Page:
I decided to pick a card game rather than a video game or board game for a few reasons. The first is I am not at all familiar with what video games are currently popular with tweens and while I had hoped to use this class as a way to remedy that I had a hard time finding information about tween gaming most of what i found was more centered on older or younger youth and nothing that I found really stood out to me as being for tweens specifically. So that is one area I will have to continue to explore. I know board games are becoming more popular in libraries and though I do like the idea thought this card game would be more interesting to write about as it may be less known. There is also the added bonus that if you lose one, or a few, of the cards from this game you can keep playing while losing board game pieces tends to be more problematic.
The game is easy to play two or more players take turns drawing a moustache from the deck. The person who drew the card holds it up to their face and then reads off clues from the back of the card until someone guesses who’s moustache is on the card. Each of the clues is worth between one and five points with the first clue being more obscure and valuable and later clues getting more obvious and less valuable. The person who guessed correctly then becomes the reader and the first person to get 15 points wins the game. I personally played a little different where we went in a circle and played through the whole deck with the person getting the most points winning. The game is easy to customize due to the simple rules. There are three different versions of Ha Ha Moustache: Living People Edition, Dead People Edition, and Awful People Edition. Each edition features a mix of both real and fictional people’s moustaches from pop culture, history and sports giving players with different knowledge bases different advantages.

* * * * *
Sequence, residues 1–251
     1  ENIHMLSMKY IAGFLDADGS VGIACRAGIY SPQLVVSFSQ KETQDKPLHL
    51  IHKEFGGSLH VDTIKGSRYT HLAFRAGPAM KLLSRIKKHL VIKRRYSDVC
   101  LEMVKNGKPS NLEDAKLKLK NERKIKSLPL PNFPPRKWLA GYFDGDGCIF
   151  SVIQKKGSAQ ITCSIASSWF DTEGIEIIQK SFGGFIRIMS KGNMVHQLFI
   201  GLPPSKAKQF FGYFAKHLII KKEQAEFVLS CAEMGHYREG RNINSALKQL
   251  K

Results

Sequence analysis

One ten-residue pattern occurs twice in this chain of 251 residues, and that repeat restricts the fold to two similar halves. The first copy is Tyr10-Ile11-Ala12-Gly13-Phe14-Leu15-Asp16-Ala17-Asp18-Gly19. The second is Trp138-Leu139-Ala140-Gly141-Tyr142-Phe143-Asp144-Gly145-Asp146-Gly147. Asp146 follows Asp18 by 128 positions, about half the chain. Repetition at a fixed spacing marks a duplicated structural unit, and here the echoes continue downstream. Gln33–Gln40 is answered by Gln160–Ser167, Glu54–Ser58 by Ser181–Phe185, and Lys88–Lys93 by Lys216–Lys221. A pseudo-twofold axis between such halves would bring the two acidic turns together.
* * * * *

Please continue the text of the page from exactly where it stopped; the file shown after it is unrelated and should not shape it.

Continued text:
Ha Ha Moustache says it is for ages 14 and up on the box but I think that younger players will enjoy it a lot too. I believe it is listed as being for older players because some of the people referenced on the cards are somewhat dated references that younger players may not get. Alternatively, there are also more recent references older players may not get which evens the playing field a bit. I also think that it will appeal to older tweens simply due to the fact that moustaches are trending with that age group and its a goofy game. This is a game that can be used in the library for a few quick rounds when tweens are waiting to be picked up or for a library program to start.; or can be checked out and played with friends and family at home. One of the things I liked about the game is that it isn’t that expensive so if a significant number of cards go missing the library can easily afford to replace the game and can also combine the remaining cards from the first sets into one super mash up version that can be left out in the youth area of the library. This is a game that is fun when played with just two people or a large group and can be played for just a few rounds or until players go through the entire deck giving it great versatility.